The Oxford English Dictionary definition of the word ‘knowledge’ is ‘facts, information, and skills acquired through experience or education; the theoretical or practical understanding of a subject’. Thus, one could define learning as ‘the acquisition of data’, and as students absorb this data, a vast amount of data is created at the same time. In fact, recent developments mean that more data is being created than ever before. Concrete statistics are hard to find, but estimates reveal that at least 50% of classes will be delivered online by 2019. Online learning (e-learning), mobile learning (m-learning), MOOCs and blended learning are current trends that create more data than traditional teaching methods.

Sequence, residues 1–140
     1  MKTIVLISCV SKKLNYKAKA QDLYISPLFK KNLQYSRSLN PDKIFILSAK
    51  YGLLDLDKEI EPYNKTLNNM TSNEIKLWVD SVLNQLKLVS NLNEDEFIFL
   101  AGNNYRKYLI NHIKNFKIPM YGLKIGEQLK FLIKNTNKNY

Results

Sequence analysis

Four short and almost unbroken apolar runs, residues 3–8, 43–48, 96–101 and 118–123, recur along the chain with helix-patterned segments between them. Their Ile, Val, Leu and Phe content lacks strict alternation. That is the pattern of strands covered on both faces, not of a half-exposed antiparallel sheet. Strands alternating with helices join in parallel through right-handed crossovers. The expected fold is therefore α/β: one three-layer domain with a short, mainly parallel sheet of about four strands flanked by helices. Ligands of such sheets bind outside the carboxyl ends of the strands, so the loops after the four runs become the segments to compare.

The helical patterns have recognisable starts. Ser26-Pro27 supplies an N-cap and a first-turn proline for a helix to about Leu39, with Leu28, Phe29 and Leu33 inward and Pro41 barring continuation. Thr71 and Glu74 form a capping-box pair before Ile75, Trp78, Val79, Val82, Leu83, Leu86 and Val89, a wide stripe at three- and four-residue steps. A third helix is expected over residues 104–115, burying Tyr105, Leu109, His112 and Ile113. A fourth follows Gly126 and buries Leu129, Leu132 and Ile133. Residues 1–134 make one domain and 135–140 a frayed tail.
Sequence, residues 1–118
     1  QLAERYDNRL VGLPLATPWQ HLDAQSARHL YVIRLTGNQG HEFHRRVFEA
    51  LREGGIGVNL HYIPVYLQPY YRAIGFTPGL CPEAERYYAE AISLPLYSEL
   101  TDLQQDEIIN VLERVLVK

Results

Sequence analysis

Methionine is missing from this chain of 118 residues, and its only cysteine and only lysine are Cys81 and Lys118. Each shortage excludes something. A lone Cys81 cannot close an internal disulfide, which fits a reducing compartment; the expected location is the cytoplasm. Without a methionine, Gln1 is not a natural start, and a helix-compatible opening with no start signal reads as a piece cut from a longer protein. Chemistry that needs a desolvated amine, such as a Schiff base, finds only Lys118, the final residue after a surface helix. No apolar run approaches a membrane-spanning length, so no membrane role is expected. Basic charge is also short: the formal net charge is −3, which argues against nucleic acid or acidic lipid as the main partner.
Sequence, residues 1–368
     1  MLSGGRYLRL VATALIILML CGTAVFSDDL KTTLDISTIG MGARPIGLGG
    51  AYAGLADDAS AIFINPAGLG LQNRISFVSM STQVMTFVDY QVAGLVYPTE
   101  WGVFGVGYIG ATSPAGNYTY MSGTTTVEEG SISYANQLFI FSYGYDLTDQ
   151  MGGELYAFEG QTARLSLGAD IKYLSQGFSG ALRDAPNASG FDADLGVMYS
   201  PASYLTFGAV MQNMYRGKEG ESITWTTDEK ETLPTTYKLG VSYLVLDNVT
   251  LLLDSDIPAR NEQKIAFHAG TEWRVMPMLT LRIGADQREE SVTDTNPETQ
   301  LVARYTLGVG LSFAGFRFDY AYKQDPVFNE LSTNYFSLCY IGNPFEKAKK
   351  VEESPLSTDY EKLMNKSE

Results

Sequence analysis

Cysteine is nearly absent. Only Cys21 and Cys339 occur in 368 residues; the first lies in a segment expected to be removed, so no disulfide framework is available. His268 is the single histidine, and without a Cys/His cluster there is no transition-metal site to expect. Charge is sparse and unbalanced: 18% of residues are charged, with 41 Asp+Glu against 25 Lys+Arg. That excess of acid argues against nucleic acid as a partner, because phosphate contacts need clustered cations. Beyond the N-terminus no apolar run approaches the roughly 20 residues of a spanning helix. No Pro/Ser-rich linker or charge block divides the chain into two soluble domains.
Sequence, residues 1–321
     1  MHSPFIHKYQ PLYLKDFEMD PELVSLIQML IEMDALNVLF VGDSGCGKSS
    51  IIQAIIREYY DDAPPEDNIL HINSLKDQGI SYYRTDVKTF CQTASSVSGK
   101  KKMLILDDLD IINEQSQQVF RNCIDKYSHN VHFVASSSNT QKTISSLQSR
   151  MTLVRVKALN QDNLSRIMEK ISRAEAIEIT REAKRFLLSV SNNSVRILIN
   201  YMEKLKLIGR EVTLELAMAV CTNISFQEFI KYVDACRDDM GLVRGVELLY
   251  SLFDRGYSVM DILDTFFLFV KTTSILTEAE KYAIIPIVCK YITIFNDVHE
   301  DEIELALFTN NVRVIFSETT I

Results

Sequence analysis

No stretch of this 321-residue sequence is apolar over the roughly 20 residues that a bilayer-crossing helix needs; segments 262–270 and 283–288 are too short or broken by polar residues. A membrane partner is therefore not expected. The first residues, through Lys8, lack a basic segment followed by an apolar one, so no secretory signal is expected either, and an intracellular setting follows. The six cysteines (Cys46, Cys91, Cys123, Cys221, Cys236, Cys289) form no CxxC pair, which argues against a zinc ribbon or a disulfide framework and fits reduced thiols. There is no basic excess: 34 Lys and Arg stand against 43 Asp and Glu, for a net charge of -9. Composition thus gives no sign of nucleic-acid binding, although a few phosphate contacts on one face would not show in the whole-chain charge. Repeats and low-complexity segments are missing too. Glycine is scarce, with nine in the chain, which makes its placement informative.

|Figure 2 : Using data can help reduce dropout rates in universities.|
However, this case study highlights the first limitation of the current technologies. In mathematical and scientific courses, Big Data techniques can easily be applied to the learning process, where exams are assessing quantitative, not quantitative, information. Whether such analysis can work as comprehensively for essay-based subjects remains to be seen. Another significant question is whether the learning process can simply be reduced to a series of numbers. Those weary of Big Data will argue that the relationship between teacher and student is never the same, and that a one-size-fits-all policy based on data could never work.